By Peterson, Ivars
Science News , Vol. 138, No. 6
The Electronic Grapevine
It didn't take long for mathematicians, computer scientists, and then the rest of the world to learn that two researchers had achieved a significant milestone last June in the factoring of large numbers. News of their accomplishment spread as quickly as electrons could carry the message along computer networks linking researchers all over the world.
"Communication is very, very fast," says mathematician Andrew M. Odlyzko of AT&T Bell Laboratories in Murray Hill, N.J., who first heard of the factoring feat directly from one of the researchers via telephone, and soon afterward saw the electronic announcement on his computer screen.
Electronic communication also played a major role in the factoring effort itself. Arjen K. Lenstra of Bellcore in Morristown, N.J., and Mark S. Manasse of the Digital Equipment Corp. Systems Research Center in Palo Alto, Calif., recruited scientists and mathematicians in the United States, Europe, Australia and Japan to help with the project. Each participant electronically received a copy of the necessary computer program and, in turn, supplied the answers to a specific piece of the factoring puzzle.
Manasse and Lenstra then collected the results and, using a powerful computer in Florida, put together all the bits and pieces to complete the factorization (SN: 6/23/90, p. 389). The entire collaboration involved about 1,000 computers scattered throughout the world.
For a growing number of scientists, computer networks have become an indispensable part of any research effort, used for such tasks as discussing conceptual issues, exchanging software, revising publications and preparing and reviewing grant proposals. These researchers maintain that networked computers eliminate the distance factor, which so often interferes with collaboration among scientists. Computer networks create electronic communities that give people working thousands of miles apart the feeling of living in a small village, with all the intimacy and ease of communication that implies.
Many scientists and engineers, looking back just a few years, find it hard to imagine how they got along without their facsimile machines and networked computers. To stay current in a field, whether in mathematics, astronomy or electrical engineering, you must have access to a computer network such as Bitnet, they now say. Moreover, the integration of data collection, word processing and electronic mail in one system means that colleagues can read a paper or report, whether in final or draft form, as soon as it's finished -- sometimes even as it's being written.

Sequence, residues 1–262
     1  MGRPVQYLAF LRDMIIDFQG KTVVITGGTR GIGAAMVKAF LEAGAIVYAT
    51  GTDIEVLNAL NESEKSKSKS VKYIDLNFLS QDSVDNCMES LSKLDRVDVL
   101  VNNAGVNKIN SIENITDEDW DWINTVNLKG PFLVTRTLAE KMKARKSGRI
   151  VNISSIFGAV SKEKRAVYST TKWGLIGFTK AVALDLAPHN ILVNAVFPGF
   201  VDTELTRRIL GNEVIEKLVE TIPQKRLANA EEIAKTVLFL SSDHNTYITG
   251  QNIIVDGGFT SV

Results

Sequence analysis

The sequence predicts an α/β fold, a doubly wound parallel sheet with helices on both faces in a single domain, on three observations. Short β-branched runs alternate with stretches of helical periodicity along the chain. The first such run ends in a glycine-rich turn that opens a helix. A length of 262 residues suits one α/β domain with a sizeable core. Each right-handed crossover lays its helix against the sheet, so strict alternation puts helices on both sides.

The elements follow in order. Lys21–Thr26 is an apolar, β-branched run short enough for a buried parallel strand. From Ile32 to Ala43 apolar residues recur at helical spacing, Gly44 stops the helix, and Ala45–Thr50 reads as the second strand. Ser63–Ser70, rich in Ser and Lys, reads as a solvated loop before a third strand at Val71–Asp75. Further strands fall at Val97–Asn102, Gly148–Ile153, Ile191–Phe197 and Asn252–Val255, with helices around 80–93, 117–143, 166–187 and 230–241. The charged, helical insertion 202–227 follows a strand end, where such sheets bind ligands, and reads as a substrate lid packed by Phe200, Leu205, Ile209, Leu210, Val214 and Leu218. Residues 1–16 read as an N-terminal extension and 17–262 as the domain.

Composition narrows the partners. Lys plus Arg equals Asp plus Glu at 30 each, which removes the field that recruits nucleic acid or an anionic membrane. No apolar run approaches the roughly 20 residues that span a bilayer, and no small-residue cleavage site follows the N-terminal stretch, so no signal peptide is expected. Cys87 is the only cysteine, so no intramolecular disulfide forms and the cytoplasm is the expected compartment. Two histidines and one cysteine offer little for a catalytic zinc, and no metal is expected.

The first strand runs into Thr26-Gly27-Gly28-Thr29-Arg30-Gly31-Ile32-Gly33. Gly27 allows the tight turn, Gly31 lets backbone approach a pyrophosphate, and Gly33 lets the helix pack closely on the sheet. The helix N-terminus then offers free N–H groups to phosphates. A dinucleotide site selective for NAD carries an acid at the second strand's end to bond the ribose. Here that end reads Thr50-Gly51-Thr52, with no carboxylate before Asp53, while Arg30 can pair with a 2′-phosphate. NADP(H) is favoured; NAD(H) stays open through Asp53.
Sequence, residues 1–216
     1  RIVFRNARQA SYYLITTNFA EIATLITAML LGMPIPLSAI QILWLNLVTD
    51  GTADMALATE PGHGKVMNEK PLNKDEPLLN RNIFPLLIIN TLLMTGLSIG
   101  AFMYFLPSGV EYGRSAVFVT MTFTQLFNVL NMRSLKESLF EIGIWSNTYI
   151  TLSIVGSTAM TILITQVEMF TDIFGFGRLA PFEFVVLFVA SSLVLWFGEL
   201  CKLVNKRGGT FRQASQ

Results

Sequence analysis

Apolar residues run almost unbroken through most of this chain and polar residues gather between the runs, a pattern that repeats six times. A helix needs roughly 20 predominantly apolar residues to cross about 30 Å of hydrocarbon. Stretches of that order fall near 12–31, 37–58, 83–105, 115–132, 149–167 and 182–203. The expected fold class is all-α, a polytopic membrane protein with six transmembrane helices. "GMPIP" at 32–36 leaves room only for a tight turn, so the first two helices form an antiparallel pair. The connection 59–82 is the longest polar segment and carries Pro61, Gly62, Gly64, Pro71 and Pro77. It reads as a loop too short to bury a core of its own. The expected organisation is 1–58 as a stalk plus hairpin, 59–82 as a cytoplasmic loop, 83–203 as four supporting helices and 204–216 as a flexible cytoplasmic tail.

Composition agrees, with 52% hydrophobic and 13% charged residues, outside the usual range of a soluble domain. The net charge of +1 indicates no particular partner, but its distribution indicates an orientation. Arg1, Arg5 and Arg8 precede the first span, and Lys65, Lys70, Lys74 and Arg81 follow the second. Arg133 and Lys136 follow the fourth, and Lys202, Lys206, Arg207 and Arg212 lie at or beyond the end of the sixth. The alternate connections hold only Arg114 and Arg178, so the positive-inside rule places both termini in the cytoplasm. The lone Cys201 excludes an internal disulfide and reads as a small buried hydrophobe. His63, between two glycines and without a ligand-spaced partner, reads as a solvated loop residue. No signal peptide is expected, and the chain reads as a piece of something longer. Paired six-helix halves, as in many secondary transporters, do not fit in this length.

The amount of information carried by computer networks is now immense -- and growing astronomically. In 1988, NSFNET, the national research network sponsored by the National Science Foundation, carried 100 million "packets" of information, each a collection of bits carrying an address. By February of this year, network traffic had reached 2.5 billion packets, and the quantity is still growing by an average of 20 percent per month. Incredibly, one recent month's traffic represented 10 percent of all the information ever sent across the network.
But that growth has not come without cost. Misinformation travels just as quickly as established fact. The specter of electronic vandalism hovers over the fragile networks. And the technology required for the long-term care, feeding and storage of electronic information remains rudimentary and largely untested.
To an astonishing degree, electronic mail carried over computer networks and documents transmitted by facsimile machines have already supplanted the more traditional means of formally and informally exchanging scientific ideas and data. And these electronic vehicles are significantly altering the way in which researchers do their work. In particular, electronic communication allows the speedy posting of new findings. …